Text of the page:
under the conservatives and they are still currently leading in the polls as unpredictable as they can be. Do you attribute some of the lack of the

success the Labour Party is having to the leadership because Jeremy Corbyn himself has come under quite a lot of criticism particularly under issues

of Anti-Semitism in the Labour Party?

KHAN: There are a number of issues. Well, firstly there is an issue with the Labour Party to addressing serious concerns around Anti-Semitism,

members of their party not quickly enough and racism. We can't have a hierarchy of racism. Racism is racism. We are a party whose roots of anti-

racist and it is the case though and it breaks my heart to say this that we have been too slow.

Many of my Jewish friends can't vote labour because they think we are racist. We've got to address those concerns. We can't deflect because

people's motivation may be anti-labor. These are genuine concerns people have. The second issues about the polls which frankly speaking aren't

looking good for my party, let's wait and see how the general election pans out; there are a number of days to go. Like many labour member supporters

activists - I'll spend a little bit time knocking on doors, persuading people to lend us share vote, make the point that the choice that this

election is between a Brexit backing austerity conservative party or a labour government don't give the British public a final say on whether we

should stay or leave the European Union but austerity wants the full land the big choice people have to make under some of the draft.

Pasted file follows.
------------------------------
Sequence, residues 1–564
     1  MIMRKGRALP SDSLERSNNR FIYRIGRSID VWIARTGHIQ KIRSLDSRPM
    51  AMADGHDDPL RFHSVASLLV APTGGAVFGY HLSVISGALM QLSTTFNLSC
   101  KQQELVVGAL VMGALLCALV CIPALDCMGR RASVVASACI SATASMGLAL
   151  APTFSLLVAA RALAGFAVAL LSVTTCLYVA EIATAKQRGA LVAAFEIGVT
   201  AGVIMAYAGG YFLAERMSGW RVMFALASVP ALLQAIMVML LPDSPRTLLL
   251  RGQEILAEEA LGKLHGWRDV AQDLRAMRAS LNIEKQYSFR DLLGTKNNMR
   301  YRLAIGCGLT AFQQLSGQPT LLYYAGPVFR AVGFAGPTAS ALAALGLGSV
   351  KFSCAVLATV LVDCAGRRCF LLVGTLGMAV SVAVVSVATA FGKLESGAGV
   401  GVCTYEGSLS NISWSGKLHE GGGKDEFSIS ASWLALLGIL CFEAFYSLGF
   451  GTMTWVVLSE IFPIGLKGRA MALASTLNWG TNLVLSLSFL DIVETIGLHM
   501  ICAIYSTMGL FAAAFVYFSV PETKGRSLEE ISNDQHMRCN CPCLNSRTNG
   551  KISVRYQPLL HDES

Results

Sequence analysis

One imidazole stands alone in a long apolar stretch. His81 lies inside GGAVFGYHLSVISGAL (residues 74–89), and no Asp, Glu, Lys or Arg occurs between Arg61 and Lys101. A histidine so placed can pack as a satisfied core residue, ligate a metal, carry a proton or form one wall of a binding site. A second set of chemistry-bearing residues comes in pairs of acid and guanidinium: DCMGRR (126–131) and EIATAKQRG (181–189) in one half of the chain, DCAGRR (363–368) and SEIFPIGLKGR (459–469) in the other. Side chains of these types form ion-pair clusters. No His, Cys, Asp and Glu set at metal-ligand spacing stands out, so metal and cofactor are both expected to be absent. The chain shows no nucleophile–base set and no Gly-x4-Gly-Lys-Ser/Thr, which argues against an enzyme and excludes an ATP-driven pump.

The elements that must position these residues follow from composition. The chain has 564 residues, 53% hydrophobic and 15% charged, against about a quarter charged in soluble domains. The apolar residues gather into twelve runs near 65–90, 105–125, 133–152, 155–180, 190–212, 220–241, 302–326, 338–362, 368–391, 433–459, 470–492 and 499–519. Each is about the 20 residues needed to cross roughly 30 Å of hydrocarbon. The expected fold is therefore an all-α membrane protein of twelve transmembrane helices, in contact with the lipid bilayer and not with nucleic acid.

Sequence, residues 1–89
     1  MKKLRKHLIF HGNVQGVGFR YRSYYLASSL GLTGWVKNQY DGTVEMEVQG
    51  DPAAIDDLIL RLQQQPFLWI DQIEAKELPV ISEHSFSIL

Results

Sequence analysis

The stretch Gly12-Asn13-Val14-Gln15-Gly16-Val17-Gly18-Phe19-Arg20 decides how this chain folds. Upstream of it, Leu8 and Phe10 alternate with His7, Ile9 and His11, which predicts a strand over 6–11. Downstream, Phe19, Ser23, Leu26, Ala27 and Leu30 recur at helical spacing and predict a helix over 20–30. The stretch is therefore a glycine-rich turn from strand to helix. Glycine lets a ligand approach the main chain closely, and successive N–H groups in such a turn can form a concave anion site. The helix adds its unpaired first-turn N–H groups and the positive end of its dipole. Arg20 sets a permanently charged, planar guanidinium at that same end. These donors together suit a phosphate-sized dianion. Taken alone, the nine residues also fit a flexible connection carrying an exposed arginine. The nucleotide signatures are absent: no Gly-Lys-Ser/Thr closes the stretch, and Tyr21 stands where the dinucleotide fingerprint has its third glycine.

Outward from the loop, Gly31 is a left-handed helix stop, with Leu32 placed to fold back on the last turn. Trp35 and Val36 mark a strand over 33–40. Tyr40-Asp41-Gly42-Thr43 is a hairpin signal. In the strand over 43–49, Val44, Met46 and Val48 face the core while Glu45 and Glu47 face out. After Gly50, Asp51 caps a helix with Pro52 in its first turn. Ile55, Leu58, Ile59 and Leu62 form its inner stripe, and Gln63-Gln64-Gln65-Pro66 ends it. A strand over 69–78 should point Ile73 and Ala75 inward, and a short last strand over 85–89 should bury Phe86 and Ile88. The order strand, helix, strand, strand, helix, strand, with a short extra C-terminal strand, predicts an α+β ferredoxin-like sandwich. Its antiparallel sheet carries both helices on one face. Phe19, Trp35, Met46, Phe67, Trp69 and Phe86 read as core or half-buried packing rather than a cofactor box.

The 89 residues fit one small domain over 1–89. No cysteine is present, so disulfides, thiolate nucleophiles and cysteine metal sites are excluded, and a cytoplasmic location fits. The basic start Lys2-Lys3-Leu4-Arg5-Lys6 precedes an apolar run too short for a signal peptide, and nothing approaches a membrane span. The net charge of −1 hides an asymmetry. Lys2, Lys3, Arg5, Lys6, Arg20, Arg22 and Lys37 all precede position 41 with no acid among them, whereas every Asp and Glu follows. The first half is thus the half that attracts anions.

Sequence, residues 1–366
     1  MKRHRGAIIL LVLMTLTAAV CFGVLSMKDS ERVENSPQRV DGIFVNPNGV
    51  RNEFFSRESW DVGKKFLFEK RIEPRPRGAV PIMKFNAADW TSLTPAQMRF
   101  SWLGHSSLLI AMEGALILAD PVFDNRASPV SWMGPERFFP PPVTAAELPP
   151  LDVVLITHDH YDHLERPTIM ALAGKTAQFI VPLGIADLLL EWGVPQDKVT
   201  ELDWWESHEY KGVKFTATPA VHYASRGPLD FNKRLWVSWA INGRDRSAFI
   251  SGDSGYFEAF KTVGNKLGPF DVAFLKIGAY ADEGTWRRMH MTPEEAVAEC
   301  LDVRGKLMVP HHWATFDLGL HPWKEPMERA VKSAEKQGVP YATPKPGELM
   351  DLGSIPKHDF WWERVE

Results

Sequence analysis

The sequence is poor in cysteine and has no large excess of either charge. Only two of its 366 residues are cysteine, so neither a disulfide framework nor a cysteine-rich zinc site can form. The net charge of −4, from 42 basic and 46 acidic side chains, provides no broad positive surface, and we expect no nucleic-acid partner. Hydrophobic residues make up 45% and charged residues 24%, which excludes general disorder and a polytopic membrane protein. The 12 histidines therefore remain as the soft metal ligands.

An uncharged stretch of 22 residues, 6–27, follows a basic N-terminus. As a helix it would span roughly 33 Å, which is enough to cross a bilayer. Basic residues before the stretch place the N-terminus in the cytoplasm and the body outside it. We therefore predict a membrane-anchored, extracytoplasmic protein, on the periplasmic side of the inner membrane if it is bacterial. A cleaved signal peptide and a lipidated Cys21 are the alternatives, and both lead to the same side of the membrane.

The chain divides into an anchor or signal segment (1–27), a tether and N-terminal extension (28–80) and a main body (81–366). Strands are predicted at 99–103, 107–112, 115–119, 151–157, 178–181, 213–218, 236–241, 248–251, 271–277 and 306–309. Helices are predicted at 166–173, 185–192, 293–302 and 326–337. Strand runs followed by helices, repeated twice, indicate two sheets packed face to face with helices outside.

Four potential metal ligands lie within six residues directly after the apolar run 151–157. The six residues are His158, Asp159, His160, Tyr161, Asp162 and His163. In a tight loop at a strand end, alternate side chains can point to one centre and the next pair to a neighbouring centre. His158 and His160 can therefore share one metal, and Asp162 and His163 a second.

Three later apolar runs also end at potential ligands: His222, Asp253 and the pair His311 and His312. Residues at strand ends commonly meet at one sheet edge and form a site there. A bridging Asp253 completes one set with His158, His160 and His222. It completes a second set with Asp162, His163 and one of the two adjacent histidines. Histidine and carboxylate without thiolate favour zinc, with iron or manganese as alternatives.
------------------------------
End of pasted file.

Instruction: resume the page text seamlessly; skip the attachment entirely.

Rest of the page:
NOBILO: When THE BRIEF returns, why walking is becoming more dangerous, especially here young people. And you might be looking at the reason right

now that story straight ahead.



NOBILO: There is no point in denying it. Our phones are now everything, and there are more of them in the world than people around 9 billion. But if

you are using them when you are out and about, it might be time to lift your head up. A new study said that injuries to the face and head are on

the rise and that phones are to blame.

They say that most injuries occur to people between the ages of 13 and 29. Cuts to the face and the head were the most common, and they were due to

distracted driving and walking and texting with a cell phone. People tell me the full contact martial arts are dangerous.

The study says that injuries were infrequent in 2007 and then they rose dramatically. 2007 was the year that Apple introduced the first "iPhone".

The study seems to be an obvious expression of the effect that our digital lives are having on us. It may be that every now and again, seeing what's

happening beyond our phones would be beneficial unless you are watching clips of THE BRIEF, of course. On that deeply hypocritical note, I bid you

good night. "World Sports" is next.